Burrito lovers are like fingerprints – no two are alike. It’s never a big detail that divides us on where to go for Mexican food, just enough small preferences that leave lasting impressions. So lock up the bike and journey outside the perimeter of the Mission District. We’re driving across the Bay Bridge to eat some of the best burritos the East Bay has to offer.
El Novillo Taco Truck - Guadalajara Restaurant parking lot
Hours: Mon to Sun 9 a.m. to 2 a.m.
Taco trucks dominate East Oakland, and among them El Novilla rules. Owned and operated by the Pelayo family, the truck is located in the parking lot of Guadalajara Restaurant, also owned by the Pelayo’s. The menu consists of pretty basic fare with Lengua (beef tongue) and Cabeza (beef head) being the most adventurous selections. The Pollo Burrito has a nice flavor right into the first bite. The chicken is perfectly charred and if we’re going to do the math, the ratio of beans to rice to salsa works perfectly. Conveniently located near Fruitvale BART, El Novilla is your new go-to place for authentic burritos.
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Hours: Mon to Thurs, Sun – 8 a.m. to 11 p.m., Fri to Sat – 8 a.m. to 12 a.m.
Strike up the Mariachi band and find a seat. Burritos at this Berkeley haunt begin life with a clean conscience. All meat served is raised without antibiotics, choosing hormone-free beef, lamb and pork. Vegetables are local, organic and sustainable whenever possible. Vegetarian burritos are as savory as the Pork Mole and Pollo Asado burritos. La Mission is a little pricier, but the benefits outweigh the financial drawbacks.
Hours: Mon to Fri -10 a.m. to 9 p.m., Sat to Sun -10 a.m. to 12 a.m.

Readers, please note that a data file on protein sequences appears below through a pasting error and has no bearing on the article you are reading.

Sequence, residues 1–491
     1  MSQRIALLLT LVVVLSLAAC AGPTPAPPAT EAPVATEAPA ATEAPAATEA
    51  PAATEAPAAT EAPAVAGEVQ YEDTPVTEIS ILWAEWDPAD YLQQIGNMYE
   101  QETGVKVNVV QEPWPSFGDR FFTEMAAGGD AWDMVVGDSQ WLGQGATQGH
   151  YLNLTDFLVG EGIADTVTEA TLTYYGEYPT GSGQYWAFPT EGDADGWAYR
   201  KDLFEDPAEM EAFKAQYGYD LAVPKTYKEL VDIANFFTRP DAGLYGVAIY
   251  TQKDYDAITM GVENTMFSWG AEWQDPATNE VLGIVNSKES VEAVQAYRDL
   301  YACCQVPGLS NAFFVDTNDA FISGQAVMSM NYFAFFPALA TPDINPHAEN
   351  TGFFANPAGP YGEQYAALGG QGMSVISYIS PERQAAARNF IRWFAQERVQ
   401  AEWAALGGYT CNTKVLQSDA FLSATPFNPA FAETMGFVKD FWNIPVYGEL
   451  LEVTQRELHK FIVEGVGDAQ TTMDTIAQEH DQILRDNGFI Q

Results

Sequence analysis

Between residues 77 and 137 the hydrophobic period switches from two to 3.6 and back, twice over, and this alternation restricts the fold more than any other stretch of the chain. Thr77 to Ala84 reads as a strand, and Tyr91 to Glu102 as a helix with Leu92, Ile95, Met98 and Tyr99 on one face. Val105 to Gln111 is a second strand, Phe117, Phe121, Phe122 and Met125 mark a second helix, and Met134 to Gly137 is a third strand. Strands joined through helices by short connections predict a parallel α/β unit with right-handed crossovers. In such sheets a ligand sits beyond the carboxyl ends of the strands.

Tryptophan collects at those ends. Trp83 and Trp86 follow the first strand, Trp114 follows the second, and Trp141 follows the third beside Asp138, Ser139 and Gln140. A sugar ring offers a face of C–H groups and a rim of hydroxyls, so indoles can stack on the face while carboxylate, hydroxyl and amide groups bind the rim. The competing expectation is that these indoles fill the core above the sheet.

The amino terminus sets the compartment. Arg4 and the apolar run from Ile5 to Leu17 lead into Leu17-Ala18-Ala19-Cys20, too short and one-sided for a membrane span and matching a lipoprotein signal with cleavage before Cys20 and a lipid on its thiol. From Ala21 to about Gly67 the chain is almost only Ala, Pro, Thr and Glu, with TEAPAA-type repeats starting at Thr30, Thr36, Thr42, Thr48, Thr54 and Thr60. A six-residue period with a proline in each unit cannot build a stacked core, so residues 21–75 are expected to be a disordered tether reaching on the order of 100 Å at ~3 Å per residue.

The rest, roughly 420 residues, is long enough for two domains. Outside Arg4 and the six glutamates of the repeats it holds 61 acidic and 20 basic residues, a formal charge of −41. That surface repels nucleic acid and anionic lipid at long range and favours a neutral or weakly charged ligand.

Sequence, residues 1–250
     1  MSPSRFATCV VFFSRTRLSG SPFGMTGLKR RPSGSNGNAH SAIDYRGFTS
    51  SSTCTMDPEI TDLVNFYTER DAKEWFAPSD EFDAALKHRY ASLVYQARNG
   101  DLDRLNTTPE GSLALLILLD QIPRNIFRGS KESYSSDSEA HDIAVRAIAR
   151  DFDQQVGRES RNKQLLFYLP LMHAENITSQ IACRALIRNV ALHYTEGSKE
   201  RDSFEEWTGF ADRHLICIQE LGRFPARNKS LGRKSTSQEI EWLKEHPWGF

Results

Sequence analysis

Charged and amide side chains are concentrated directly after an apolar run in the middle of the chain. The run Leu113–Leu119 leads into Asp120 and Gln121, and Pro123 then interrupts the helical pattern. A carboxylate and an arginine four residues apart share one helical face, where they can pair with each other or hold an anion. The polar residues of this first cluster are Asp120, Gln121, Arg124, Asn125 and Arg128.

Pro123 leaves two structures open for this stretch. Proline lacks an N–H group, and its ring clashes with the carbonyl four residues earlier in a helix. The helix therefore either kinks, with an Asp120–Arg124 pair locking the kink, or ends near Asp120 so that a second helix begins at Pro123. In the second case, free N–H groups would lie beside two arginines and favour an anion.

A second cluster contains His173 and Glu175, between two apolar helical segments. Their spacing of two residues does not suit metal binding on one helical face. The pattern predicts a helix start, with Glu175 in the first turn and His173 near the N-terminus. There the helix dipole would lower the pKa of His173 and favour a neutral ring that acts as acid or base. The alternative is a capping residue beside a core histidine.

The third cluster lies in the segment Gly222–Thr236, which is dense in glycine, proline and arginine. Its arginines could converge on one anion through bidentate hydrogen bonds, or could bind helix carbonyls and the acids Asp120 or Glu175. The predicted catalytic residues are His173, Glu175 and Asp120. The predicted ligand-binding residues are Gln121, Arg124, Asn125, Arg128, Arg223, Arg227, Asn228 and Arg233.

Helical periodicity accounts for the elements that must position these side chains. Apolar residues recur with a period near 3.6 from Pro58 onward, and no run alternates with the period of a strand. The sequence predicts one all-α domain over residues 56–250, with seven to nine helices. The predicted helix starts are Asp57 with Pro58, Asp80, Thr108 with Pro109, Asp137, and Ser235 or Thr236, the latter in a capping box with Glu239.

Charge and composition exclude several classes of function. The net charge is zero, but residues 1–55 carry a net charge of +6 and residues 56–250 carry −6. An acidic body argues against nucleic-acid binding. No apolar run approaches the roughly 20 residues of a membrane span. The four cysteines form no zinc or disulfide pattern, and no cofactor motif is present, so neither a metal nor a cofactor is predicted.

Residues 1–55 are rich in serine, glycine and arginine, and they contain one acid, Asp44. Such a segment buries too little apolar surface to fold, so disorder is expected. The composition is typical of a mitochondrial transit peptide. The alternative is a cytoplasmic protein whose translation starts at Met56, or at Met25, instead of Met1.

With its bright yellow tables and booth seating, walking into El Farolito might make you feel like you are about to eat at Subway, but that’s where the similarity ends. The burritos are wrapped tight like you’d swaddle a newborn and weigh just as much. The menu offers a wide variety of pairings; popular items include the Lengua (beef tongue), Sesos (beef brain) and Al Pastor (spicy pork) and a selection of tasty salsas. Items are cooked fresh and when you tear away the foil there’s no wet bomb waiting to explode in your lap. Wash it down with a Mexican coke or beer, and when your appetite returns in a week or so, do it all again.
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El Taco Zamorano Restaurant
Hours: Mon to Thu 8 a.m. – 10 p.m.; Fri to Sat 8 a.m. – 11 p.m; Sun 8 a.m. – 10 p.m.
For some reason, words like pequeño and poco have lost all meaning inside this family-owned restaurant. Brace yourself – it’s going to take a few seconds to wrap your brain around all the food set in front of you, so imagine how long it will take your stomach. The super burrito, appropriately titled since gargantuan doesn’t roll right off the tongue, can easily take out a small child. Corn tortillas are handmade onsite and dishes boast the most appetizing colors and fragrances. If you’re looking for authentic Mexican cuisine, El Taco Zamorano can’t be beat.
Hours: Mon to Sun 9:00 a.m. – 2:00 a.m.
Favored and frequented by locals – a quick tell about the food and how good it is – there’s plenty of seating available at this taco truck stand located on International Boulevard. Priced for value, regular burritos cost $4 and super burritos $8, which is a very fair price for this vertical meal you just doubled in size and girth. The menu remains on par with what’s offered by countless other taco trucks so flavor, freshness and fillings become deal breakers. Burritos never seem overstuffed or unbalanced with any particular ingredient and meat is cooked to perfection. Grab a glass of horchata and dig in.
Robyn Chelsea-Seifert is a freelance writer living in San Francisco. Her work has appeared in The Miami Herald, Creem, Hit Parader, The South Florida Sun-Sentinel and International Musician. Her work can be found at Examiner.com.